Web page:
out a comment that goes like this:

Considering your announcement that the 1600+ patents are only open to
OpenSolaris developers, I hereby voluntarily surrender my license to Solaris 10.
I certify that I have not completed a download of any binaries or source code
related to Solaris 10.
If Sun at some point reconsiders opening its patents to ALL FOSS developers, I
would be happy to evaluate Solaris against whatever Linux distro I will be
running at that time. Until then, I will not pollute my FOSS machine with a
non-FOSS product from a company that claims to be FOSS friendly but isn't.


I may be only one person, but I'm guessing if they here this enough, it might
make a difference someday.


Great minds talk about ideas, average minds talk about events, small minds talk
about each other. Eleanor Roosevelt

2b | !2b = question

[ Reply to This | # ]

I had this feeling....
Authored by: rm6990 on Wednesday, February 02 2005 @ 05:03 PM EST
I had this feeling from the beginning that Sun would either (or all of the

a) Slip something into "Cuddle" to prevent Solaris from easily being
forked out from Sun's control

b) Somehow prevent ideas (not actual code) from being reimplemented in Linux,
BSD, etc.

c) Keep any contributions for themselves and set up a legal minefield for anyone
else wishing to profit from Solaris.

Well, B and C have been done through the use of software patents and
unfullfilled promises (Sun opens up 1600 software patents for use in open source
software...yeah right!!!).

Well, all I have to say is, the only developers that are going to be helping
Solaris (most likely) are Solaris admins who need a bug fixed that Sun won't
look at. Sun's hopes of an Open Solaris community that would further the advance
of Solaris technology for the good of everyone are long gone, thanks to the
coices they have made...and it serves them right. Why would another company give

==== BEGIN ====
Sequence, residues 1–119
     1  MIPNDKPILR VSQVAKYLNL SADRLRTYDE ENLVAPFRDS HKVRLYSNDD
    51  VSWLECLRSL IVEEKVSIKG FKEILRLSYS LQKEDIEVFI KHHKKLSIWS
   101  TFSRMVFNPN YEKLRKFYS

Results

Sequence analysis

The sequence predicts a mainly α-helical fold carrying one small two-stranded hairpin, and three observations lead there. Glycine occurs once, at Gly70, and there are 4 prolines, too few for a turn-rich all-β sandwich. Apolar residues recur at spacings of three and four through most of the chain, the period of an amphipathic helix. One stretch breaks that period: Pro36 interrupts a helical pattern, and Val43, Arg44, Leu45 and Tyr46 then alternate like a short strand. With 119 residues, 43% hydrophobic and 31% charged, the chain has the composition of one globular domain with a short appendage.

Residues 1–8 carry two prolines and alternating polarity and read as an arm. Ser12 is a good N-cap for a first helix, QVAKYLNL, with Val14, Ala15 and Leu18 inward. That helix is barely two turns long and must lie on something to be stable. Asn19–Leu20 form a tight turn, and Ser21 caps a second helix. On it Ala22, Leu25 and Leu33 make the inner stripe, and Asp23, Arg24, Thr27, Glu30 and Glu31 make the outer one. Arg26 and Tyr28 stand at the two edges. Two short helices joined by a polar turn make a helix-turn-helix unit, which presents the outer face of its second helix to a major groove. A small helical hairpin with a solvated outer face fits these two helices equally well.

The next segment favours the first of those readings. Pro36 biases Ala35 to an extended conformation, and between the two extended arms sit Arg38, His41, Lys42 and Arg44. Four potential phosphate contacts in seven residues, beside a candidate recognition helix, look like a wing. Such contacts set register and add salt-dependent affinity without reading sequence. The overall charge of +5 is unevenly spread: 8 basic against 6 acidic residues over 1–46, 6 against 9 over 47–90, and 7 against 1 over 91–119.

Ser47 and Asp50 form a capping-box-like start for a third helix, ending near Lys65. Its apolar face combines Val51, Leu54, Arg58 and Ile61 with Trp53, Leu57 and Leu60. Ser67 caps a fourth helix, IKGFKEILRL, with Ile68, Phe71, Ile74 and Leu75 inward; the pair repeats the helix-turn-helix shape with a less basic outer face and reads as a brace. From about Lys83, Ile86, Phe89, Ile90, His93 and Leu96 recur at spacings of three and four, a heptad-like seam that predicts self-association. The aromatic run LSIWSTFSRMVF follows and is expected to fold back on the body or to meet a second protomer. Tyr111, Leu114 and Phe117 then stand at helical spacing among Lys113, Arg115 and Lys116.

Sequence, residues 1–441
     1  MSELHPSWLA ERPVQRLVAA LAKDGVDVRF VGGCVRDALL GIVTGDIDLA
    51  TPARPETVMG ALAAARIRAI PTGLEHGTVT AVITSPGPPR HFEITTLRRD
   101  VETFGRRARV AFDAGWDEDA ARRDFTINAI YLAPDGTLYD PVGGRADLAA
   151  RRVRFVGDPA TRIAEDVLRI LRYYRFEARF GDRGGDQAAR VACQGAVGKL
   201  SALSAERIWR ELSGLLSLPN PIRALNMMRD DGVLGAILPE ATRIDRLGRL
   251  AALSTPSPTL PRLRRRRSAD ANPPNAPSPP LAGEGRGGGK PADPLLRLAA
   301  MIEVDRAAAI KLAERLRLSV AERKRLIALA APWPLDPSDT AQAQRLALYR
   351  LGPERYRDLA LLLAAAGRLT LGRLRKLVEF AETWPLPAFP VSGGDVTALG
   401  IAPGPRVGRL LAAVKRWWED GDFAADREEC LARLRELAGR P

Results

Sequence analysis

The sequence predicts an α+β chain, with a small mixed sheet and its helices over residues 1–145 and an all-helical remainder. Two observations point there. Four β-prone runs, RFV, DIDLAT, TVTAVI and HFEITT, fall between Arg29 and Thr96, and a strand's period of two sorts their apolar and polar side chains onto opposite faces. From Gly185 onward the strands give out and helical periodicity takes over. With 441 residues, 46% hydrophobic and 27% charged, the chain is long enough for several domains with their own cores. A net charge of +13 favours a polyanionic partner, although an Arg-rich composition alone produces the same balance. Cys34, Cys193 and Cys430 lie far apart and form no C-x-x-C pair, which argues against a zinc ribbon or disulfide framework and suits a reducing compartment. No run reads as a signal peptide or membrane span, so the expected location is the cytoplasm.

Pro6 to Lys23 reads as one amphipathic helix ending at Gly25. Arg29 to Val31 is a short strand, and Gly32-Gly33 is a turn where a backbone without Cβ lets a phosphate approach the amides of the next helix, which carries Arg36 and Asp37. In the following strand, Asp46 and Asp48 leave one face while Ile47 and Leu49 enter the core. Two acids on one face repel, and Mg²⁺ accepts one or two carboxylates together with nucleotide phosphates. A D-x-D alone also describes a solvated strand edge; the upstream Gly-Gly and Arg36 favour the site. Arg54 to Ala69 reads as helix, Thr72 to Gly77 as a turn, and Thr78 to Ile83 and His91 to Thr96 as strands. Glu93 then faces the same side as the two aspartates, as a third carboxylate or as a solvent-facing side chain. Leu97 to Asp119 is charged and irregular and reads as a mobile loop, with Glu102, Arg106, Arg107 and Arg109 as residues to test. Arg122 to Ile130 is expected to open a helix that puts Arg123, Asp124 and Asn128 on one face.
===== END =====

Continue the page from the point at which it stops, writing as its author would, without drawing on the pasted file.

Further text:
code to Sun so that Sun could sue them for patent infringement for
redistributing Solaris. Well, that's what I get from it, as from my
understanding, the patent grant only stands if Sun is the entity distributing
Solaris, not if another company does so.

If software patents are abolished (unlikely in the US it seems, Europe is more
hopeful) I hope someone grabs Solaris and runs with it (forks it). It would
serve Sun right.

[ Reply to This | # ]

Authored by: Stumbles on Wednesday, February 02 2005 @ 05:07 PM EST
I have a question.

Since cuddles has been blessed as open source, can it be
"unblessed"? I'd like to see that happen because IMO it does not
fall in that category.

Again IMO, THE ONLY reason Sun bothered to do that was to whip up
a bunch of press and the community.

Sun backfires more than my old Chevy Vega with the timing
advanced, running on bad gas and going up hill.

You can tune a piano but you can't tune a fish.

[ Reply to This | # ]

The future ,,,
Authored by: Anonymous on Wednesday, February 02 2005 @ 05:20 PM EST
In the future, there will be two types of software: open source (Linux &
BSD), and Microsoft Windows.

Proprietary Unix is going the way of the dodo (aka Digital Equipment). DEC True
Unix is dead, Santa Cruz Operations Unix is dead. IBM has recognized this, but
Sun refuses to.

Solaris is like a fish out of water: belly-flopping and making a lot of noise
but, ultimately, its fate is sealed.

What Sun fails to grasp is that it just doesn't make sense to pay for Unix
licenses when there are free alternatives available, or to use
"open"Solaris with its vendor lock-in.

It's no secret that, since the bust (remember Sun put the dot in the and an era of tight IT budgets, corporations have been abandoning
solutions that result in lock-in. Even Microsoft has felt the brunt of this, as
corporations increasingly refuse to participate in MS upgrade programs, which
really only generate revenue for MS and offer few needed enhancements for
business. Look at how many corporations still use Windows 2000 and Office 97 and

Microsoft just last week reported record profits. But the profits were made on
the Xbox and video games. Their upgrade cycle has fallen flat, which is why they
also last week killed future service packs for Windows 2000, and announced that
"Windows Update" will be available only for "genuine" copies
of Windows. Both these measures are designed to force upgrades to Windows XP,
with its licensing lock-in through "Windows Activation".